Visitor attractions—such as museums, national parks, zoos, castles, or amusement parks—are important aspects when making travel plans. Hence, to increase ticket sales, it is important for visitor attraction operators to know what (potential) visitors expect to become satisfied during a visit. Moreover, a solid understanding of crucial drivers of visitor satisfaction are also important because TripAdvisor and other social media platforms are spreading positive or negative experiences immediately to others.
In our quantitative literature review we analyzed more than 60 published articles from the last 30 years. The quantitative integration was based on a so-called meta-analysis—an established way of calculating statistical averages among many individual findings. In our case we were able to use almost 400 empirical findings from the 60 studies to quantify the importance of success drivers for visitor satisfaction.
In general, the following success drivers are most important for visitor attractions:
- Employees’ service quality—which means the quality of employee visitor interactions—i.e., visitor attraction employees’ attitude, behaviour, and expertise during all visitor interactions and communications.
- Perceived cost-benefit ratio—which means the relationship between visitors’ perceived interaction benefits during the visitor attraction visit and visitors’ investments related to the visit; so, basically, whether the provided utility such as fun or knowledge gain faces reasonable ticket prices.
- Brand image—which means visitors’ attitudes towards, associations with, and perceptions of a visitor attraction and its core experience created by visitor attraction’s image, prestige, and awareness level.
However, we also run further separate analyses on the individual level of a visitor attraction. These individual analyses revealed certain differences depending on the explicit type of the visitor attraction. Hence, we will next detail a selection of what is individually important and how visitor attraction managers could potentially implement activities to increase visitor satisfaction.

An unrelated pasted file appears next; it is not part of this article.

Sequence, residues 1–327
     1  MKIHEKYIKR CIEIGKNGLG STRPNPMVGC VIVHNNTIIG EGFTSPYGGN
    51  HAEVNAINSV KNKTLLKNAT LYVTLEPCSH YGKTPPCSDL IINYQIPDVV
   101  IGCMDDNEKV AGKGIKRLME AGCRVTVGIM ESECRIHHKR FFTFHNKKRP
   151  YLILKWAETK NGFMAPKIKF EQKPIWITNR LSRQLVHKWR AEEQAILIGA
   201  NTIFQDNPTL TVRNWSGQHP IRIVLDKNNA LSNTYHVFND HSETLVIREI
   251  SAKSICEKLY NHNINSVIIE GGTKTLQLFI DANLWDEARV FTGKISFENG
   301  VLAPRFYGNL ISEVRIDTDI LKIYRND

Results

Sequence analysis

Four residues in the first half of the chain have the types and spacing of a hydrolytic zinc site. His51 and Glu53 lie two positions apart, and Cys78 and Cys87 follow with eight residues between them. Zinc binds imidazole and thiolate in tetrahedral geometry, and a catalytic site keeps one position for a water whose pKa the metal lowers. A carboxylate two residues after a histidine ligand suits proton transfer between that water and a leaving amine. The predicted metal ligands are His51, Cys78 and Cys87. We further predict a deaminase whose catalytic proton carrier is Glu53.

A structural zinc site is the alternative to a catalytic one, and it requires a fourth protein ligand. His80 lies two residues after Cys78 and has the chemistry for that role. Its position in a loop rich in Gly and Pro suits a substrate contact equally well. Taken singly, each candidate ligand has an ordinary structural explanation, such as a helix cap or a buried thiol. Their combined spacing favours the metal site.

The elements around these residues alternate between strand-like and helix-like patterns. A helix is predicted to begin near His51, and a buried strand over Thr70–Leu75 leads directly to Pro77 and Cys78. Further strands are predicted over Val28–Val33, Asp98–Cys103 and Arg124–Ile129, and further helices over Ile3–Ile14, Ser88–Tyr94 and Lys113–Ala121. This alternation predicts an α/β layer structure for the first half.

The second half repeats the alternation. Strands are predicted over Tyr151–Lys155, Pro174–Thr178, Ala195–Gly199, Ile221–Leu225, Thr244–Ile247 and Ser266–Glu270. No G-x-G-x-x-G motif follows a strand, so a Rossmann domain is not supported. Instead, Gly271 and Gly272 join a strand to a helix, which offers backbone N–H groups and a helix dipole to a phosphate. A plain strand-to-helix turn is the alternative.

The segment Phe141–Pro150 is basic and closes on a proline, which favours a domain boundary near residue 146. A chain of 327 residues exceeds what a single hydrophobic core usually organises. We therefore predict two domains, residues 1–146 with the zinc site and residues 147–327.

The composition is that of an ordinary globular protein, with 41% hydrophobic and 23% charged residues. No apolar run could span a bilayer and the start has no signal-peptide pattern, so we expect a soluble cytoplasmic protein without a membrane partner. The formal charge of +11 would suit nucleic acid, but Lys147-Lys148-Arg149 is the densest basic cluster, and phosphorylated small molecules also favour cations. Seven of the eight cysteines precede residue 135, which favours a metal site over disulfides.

- Museums should especially focus on an authentic experience through their exhibitions which is a key reason for museum visits.
- National parks are mostly visited for recreational reasons—e.g., enhanced health or a break from the daily routine—which could be provided through sufficient and comfortable places to sit and rest.
- For zoos, an importance of provided emotions is important and might be explainable by zoos’ core product and by the main reason for visiting them, the interaction with animals which provokes feelings in visitors such as those associated with some zoo activities—e.g., public feedings.
- Heritage attractions (e.g., castles, World Heritage Sites, and archaeological sites). Managers of heritage attractions should especially emphasize the improvement of access and signage which might reasonably be attributed to the non-purpose-built character of heritage attractions.
- Finally, for amusement parks the overall high importance of brand image could be confirmed, too.
To conclude, visitor attractions operate in a highly competitive market and are faced with visitors’ increasing expectations. This makes a competitive advantage necessary and is achievable via high visitor satisfaction levels positively influencing visitor loyalty and vacation destination choice.